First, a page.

“The State now has an opportunity to address and rectify elements of the system which were held to be unlawful by the High Court last year, including the lack of an independent complaints procedure.

“This can be addressed by extending without delay the remit of the Ombudsman and the Ombudsman for Children to deal with complaints about the direct provision system, as recommended by the Working Group.”

“It is vitally important that the complaints process is sufficiently independent for any resident who may need to avail of it. It will also enhance confidence in the independence of the system and hopefully help to resolve any maladministration in a fair and efficient way”.

The Commission broadly welcomes the International Protection Bill 2015 in its submission to members of the Oireachtas and the Minister for Justice and Equality Frances Fitzgerald TD. However, its observations set out some concerns, particularly relating to the situation of vulnerable persons and children.

Best interests of the child: As currently envisaged in the General Scheme, the ‘best interest’ principle does not fully apply to unaccompanied minors or children who are going through the determination process. The principle of ‘best interests’ of children should not only apply to children who have already been granted refugee status or subsidiary protection.

The Commission recommends a general provision be inserted into the 2015 Bill which ensures that the best interests of the child will be a primary consideration at all stages of the decision making process. (pp. 9-10 of IHREC recommendations). These recommendations are also reflected in the Working Group report.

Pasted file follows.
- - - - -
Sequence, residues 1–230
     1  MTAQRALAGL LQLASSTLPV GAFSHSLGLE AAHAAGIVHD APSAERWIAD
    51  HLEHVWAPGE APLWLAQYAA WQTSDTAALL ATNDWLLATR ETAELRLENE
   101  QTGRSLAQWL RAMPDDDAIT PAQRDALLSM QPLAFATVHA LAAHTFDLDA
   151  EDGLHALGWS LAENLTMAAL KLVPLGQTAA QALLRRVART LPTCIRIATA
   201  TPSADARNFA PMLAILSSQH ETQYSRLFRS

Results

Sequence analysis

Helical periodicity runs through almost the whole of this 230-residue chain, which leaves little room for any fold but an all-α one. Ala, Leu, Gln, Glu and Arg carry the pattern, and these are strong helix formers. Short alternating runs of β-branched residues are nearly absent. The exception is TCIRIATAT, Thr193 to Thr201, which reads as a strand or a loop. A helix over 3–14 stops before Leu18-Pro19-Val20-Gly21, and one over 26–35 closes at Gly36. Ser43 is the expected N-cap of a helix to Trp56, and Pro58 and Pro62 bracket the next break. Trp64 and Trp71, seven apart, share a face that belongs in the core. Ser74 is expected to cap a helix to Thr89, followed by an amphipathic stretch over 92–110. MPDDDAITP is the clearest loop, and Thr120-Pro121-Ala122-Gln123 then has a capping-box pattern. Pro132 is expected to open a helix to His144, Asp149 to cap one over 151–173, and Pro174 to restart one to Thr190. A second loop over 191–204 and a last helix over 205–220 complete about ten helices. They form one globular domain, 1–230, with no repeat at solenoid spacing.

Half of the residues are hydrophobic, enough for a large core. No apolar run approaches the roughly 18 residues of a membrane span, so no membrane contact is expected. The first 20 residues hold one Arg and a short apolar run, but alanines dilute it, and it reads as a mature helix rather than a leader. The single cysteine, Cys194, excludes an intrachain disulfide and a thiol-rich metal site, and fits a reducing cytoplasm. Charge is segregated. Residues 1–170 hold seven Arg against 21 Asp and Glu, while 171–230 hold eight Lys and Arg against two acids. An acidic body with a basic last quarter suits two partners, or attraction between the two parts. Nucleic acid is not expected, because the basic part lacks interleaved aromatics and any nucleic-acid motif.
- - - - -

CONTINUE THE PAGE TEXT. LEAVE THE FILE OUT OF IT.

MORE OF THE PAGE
Assessment of Credibility: We recommend that any assessment of credibility should focus upon whether a protection claim is credible, rather than whether an individual is credible. (pp.29-30 of IHREC Recommendations below).

Detention: In the General Scheme, an immigration officer or a member of An Garda Síochána may arrest an applicant if they have reasonable cause to suspect they pose a threat to public security or public order or they have not made reasonable efforts to establish their identity. The IHREC recommends that, in limited circumstances, applicants should not be detained in prisons or police stations, but rather in centres specifically adapted for their needs and circumstances. (pp. 31-32 of IHREC Recommendations).

EU Recast Reception Conditions Directive: The IHREC also recommends that Ireland opt in to the EU Recast Reception Conditions Directive which requires that asylum seekers be allowed a limited right to work where first-instance decisions have not been made within nine months. (pp. 6-7 of IHREC Recommendations).